Time spent commuting to and waiting for health care appointments is a significant contributor to the treatment burden in cancer patients with a shortened life expectancy.
A US study assessing the opportunity costs of palliative chemotherapy in 362 patients with metastatic pancreatic ductal adenocarcinoma found just over 50% of total hours devoted to healthcare was spent travelling or waiting to receive care.
Patients in the study had an overall survival of 230 days of which 22 days (10%) included healthcare encounters such as doctor visits, laboratory tests, infusions and radiology visits.
Overall, patients spent 92.3 hours engaging in outpatient health care – 43.6 hours of care time with a healthcare provider and 53.2 hours in non-care time such as travelling and waiting.
The retrospective study, published in JCO Oncology Practice, aimed to capture real-world experience by using real-time metrics such as patient-specific clinic check-in times and chemotherapy infusion and radiation therapy start times.
The authors said understanding the patient experience was important to guide informed consent and identify inefficiencies in the delivery of cancer care.
“This knowledge is particularly important for patients with metastatic pancreatic cancer receiving palliative chemotherapy, as the expected overall survival is a mere 6-11 months.”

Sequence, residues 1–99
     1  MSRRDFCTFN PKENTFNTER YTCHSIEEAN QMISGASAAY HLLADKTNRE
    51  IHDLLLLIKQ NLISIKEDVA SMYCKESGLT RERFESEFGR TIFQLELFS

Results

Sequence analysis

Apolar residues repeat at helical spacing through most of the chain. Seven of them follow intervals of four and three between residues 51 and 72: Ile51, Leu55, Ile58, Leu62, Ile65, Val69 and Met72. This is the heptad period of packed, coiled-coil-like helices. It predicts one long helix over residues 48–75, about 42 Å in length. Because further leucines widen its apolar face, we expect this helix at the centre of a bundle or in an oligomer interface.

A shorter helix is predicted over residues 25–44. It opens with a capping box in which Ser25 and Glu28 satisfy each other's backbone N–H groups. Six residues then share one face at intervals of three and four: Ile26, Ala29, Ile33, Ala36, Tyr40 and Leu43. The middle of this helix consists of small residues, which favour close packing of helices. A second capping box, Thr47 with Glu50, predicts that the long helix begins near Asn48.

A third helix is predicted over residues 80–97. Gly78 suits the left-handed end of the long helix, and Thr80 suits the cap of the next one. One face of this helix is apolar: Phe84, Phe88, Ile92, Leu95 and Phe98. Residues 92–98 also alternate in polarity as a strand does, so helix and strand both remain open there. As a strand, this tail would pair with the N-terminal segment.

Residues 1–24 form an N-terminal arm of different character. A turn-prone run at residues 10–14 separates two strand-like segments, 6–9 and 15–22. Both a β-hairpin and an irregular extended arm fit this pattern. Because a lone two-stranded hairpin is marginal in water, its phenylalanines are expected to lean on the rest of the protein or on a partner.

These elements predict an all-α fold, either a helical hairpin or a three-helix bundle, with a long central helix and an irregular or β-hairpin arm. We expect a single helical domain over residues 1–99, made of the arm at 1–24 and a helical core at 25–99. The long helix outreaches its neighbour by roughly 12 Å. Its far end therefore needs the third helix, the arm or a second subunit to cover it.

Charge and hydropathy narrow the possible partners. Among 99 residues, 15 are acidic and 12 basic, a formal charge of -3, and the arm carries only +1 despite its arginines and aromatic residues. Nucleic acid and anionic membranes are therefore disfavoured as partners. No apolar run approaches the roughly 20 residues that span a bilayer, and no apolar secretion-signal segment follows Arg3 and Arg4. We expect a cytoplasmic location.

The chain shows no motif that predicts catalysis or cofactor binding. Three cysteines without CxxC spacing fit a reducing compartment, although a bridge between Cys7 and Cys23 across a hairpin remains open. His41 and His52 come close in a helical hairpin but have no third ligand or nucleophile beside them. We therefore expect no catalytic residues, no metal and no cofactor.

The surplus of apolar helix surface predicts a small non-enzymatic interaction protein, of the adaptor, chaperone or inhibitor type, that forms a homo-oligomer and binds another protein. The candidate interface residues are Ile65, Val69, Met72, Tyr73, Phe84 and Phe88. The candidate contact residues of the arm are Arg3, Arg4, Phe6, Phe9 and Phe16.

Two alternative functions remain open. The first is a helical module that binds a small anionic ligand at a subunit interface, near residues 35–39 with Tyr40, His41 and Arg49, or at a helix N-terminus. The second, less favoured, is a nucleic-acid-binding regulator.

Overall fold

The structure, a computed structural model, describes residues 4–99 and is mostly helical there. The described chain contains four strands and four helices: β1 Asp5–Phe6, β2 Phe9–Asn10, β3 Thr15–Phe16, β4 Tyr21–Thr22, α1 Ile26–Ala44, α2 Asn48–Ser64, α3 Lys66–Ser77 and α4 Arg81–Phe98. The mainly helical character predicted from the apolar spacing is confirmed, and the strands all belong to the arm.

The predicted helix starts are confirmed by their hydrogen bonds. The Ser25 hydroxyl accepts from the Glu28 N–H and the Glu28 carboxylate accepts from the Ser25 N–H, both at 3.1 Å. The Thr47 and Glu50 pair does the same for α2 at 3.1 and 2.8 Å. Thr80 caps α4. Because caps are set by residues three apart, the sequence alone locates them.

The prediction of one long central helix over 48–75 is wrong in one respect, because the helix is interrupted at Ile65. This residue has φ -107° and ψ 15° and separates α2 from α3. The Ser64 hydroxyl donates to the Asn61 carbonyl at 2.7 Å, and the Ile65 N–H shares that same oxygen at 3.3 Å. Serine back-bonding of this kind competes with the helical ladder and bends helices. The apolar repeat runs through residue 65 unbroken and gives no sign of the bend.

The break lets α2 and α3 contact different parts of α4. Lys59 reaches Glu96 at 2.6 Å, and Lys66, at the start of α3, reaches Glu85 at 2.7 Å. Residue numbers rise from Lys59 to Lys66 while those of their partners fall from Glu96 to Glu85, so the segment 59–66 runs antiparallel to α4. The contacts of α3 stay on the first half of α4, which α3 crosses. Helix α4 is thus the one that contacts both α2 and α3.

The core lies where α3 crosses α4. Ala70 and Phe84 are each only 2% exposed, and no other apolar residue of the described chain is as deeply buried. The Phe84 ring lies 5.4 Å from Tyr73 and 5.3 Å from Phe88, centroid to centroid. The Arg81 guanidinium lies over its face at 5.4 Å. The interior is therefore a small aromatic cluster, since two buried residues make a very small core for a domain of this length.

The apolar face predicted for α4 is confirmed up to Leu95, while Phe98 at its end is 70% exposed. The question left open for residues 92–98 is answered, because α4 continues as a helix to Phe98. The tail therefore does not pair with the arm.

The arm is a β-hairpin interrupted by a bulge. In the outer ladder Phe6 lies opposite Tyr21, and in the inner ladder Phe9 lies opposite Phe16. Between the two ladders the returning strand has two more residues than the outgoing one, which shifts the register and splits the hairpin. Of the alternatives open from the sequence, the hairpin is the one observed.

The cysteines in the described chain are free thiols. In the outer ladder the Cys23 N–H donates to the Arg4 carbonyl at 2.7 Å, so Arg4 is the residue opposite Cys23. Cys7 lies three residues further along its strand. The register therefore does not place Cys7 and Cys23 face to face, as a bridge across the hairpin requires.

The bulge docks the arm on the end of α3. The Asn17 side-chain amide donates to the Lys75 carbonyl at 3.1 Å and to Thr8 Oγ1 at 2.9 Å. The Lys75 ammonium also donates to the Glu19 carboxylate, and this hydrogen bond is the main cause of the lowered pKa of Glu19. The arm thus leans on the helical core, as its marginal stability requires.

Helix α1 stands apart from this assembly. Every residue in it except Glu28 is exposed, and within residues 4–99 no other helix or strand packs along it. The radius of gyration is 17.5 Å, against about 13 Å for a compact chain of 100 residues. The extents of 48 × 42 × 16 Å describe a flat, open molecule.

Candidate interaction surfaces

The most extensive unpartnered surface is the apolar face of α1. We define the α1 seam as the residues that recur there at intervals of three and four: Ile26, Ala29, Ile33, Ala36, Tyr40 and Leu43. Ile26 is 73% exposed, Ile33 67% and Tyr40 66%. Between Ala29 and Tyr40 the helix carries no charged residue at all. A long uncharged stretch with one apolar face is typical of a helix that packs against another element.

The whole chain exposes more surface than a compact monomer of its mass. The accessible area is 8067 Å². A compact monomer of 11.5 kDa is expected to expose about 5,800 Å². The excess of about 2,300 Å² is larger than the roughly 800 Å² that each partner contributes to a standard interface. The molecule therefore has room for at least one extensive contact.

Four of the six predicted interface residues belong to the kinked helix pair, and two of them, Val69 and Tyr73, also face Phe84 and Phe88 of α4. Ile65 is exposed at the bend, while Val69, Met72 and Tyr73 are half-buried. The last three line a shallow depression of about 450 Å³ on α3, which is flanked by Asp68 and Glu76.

“Our results demonstrate that the total time patients spend interacting with the healthcare system is substantial and signals the need to create innovative care models to reduce treatment burden and streamline care delivery,” they concluded.
Commenting on the study, Dr Prunella Blinman told the limbic the study was not perfect but important and had made a decent attempt to try and quantify the time spent accessing care.
“It’s a patient-centred study trying to define the burden of chemotherapy in patients with advanced pancreatic cancer who on the whole have a shorter survival than many other advanced cancers.”
“Fundamentally it’s about providing patients with the information they need to make an informed decision about whether to have chemotherapy or not.”
Dr Blinman, from the University of Sydney and Concord Cancer Centre, said the time burden of chemotherapy should be carefully explained for patients in the discussion surrounding benefits and harms of care.
“In metastatic pancreatic cancer, like in any other metastatic cancer where the aim is not cure, chemotherapy aims to either help people live longer or live better and ideally should be achieving both of those.”
She said patients who spent less time at hospital might be able to spend more time doing the things they enjoy.
“And so patients do need to factor that in as to whether or not they think the trade-off of chemotherapy is going to be worthwhile for them. It’s an individual judgement and not a judgment that clinicians can make on behalf of patients.”
Dr Blinman said the study also highlighted that there was room to improve processes like treatment or appointment scheduling in order to minimise the time patients spent in non-care.
“Everyone would agree that health systems could work more efficiently and better, faster, smoother.”